Real Life Investing: A Dose Of Reality For Barclays PLC And Lloyds Banking Group PLC

It’s always the way. A company is unloved and unwanted. It’s share price has been trashed. Who on earth would buy shares in this company? Not me, that’s for sure…

What happens? Well, of course, the share price rockets.

Then, of course, people realise that the share price is rising. Well, perhaps this company is performing better than we thought. Let’s check the fundamentals. Well, actually this company is quite cheap.

Other people are buying into this company; maybe we’re on to something here. Comforted by the fact that the crowd is buying, you buy in.

What happens? Well, of course, the share price falls.

Look forward, not back

Growth guru Peter Lynch called it penultimate thinking: people tend to place too much emphasis on what has just happened, rather than what will happen.

People do this all the time. The economy has been through the mill, and is in terrible shape. So people assume that it will always be performing poorly, with talk of a ‘new normal’. But it’s just when the pessimism peaks, that the economy recovers.

If a share price is rising, you think that it will always rise. If a share price is falling, you think that will always fall. But if you are a contrarian, you try to think the opposite of what has just happened. That’s why contrarian thinking can make you feel more than a little uncomfortable, but often it ends up being right.

 I initially bought into Barclays (LSE: BARC) (NYSE: BCS.US) in 2012 at 150p, at the height of the Eurozone crisis, when the banks were in bargepole territory. I should have bought more, but I was put off by the awful mood music. The share price promptly doubled.

Strong long-term prospects

Suddenly banks were fashionable investments again. The economy was improving, and people were realising how cheap the banks were. But, after reaching these highs, their share prices fell. The banks have had a dose of reality.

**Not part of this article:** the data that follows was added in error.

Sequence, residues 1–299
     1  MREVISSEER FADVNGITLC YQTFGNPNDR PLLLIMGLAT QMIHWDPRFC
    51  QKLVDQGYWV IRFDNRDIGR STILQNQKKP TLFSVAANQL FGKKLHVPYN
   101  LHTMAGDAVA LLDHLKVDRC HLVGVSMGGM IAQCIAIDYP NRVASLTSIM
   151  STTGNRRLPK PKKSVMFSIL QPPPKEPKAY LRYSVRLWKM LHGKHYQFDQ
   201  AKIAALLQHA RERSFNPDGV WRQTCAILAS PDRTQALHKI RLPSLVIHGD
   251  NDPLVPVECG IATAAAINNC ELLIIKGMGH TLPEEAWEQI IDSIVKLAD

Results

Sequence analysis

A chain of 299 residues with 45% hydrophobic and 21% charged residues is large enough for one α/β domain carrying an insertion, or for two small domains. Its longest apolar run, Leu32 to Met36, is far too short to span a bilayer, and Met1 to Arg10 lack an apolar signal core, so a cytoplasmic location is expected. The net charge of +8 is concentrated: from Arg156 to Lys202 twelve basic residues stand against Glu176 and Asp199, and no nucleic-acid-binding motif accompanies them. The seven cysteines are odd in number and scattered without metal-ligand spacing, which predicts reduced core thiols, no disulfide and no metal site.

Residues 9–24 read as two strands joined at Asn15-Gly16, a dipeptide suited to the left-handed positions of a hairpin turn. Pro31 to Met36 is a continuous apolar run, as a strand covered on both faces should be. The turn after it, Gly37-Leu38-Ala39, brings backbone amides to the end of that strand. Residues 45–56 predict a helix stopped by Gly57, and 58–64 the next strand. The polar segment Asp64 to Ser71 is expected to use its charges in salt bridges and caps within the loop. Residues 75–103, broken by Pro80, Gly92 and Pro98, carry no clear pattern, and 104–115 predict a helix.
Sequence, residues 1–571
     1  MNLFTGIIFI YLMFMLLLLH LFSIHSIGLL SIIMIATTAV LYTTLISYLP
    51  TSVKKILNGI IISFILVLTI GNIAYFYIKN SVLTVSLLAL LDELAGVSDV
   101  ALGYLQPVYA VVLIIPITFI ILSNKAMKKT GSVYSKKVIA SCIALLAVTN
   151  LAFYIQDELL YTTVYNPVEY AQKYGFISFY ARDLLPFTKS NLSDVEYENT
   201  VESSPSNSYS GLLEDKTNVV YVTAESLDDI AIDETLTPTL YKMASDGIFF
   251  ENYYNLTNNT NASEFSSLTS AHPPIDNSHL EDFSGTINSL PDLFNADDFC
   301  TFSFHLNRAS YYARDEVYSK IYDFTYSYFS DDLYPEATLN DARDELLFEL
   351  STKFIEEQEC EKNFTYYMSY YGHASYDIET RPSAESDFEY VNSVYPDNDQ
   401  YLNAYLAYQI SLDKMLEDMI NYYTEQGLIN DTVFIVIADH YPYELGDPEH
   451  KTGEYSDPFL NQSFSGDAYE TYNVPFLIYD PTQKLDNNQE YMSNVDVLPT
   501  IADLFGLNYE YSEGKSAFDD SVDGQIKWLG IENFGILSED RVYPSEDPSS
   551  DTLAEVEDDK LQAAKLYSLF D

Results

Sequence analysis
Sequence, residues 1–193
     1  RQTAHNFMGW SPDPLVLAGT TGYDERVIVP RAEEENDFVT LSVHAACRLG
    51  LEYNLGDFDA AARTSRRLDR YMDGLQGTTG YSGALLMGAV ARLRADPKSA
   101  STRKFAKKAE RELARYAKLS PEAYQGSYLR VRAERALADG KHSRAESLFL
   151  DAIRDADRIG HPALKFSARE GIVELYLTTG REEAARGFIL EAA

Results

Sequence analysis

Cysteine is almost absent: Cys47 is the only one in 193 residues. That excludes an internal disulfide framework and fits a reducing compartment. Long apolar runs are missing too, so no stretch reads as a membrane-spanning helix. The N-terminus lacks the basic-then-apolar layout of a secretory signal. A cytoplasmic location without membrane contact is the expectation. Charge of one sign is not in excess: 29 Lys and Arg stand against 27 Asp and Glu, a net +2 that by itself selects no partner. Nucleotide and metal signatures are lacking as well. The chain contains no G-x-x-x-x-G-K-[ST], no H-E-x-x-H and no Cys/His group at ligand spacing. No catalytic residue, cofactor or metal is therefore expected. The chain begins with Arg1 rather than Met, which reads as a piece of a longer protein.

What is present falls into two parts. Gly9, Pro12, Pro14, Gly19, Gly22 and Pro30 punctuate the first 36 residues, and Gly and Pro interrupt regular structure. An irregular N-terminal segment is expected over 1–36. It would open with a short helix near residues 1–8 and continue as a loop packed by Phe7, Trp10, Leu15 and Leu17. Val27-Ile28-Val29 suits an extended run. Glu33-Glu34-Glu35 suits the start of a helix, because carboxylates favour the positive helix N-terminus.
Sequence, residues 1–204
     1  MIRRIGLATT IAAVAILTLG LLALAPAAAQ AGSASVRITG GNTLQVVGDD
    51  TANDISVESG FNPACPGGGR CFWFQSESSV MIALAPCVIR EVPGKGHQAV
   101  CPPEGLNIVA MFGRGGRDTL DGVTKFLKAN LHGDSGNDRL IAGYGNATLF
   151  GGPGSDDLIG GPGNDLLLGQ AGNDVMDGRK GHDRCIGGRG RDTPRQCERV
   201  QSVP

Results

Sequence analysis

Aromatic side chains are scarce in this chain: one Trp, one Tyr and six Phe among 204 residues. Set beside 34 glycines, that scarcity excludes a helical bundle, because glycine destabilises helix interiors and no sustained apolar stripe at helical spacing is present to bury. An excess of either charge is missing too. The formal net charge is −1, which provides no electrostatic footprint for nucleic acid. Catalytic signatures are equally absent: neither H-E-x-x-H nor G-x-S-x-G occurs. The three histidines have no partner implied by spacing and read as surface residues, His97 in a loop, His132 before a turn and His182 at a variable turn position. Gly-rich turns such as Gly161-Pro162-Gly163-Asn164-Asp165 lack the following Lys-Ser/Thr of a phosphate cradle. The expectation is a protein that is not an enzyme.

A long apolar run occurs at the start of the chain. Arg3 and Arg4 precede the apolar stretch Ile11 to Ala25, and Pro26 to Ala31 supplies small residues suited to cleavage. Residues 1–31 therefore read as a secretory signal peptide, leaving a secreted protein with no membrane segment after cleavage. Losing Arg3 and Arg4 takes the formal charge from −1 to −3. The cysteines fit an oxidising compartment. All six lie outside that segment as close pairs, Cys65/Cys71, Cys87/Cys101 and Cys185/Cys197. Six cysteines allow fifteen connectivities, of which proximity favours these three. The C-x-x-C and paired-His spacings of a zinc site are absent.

Now the pendulum is falling again, with people being more sceptical about investing in the banks. This is just the time where I am starting to be interested in investing in banks again.

Let’s have some perspective — at the end of the day these are short-term fluctuations. I am still a firm believer in the strong long-term prospects of the banks, which will benefit as the economy surges ahead, interest rates rise and the housing market booms.

The consensus forecasts show that these businesses are cheap, yet are growing profits. Barclays is on a 2014 P/E ratio of 9.5, falling to 7.0 in 2015, with a prospective dividend yield of 3.9%. Lloyds (LSE: LLOY) (NYSE: LYG.US) is on a P/E ratio of 10.4, falling to 8.7, with a prospective dividend yield of 2.0%.

Both companies now are strong value investments, with P/E ratios way below the FTSE 100 average. I have added both these businesses to my watchlist, and am seriously considering buying more shares.

This is not the time to lose faith in the banks — of course not. On the contrary, these share price falls have provided a buying opportunity. The banks have had a healthy dose of reality, but I still think they are buys.

The Death of Tesco

It is one of the giants of the retail landscape. Until 2007 Tesco had a dramatic rise, but since then it has been fighting to preserve its market share and its profits, with an increasingly crowded and competitive retail market.

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Prabhat owns shares in Lloyds and Barclays. The Motley Fool owns shares in Tesco.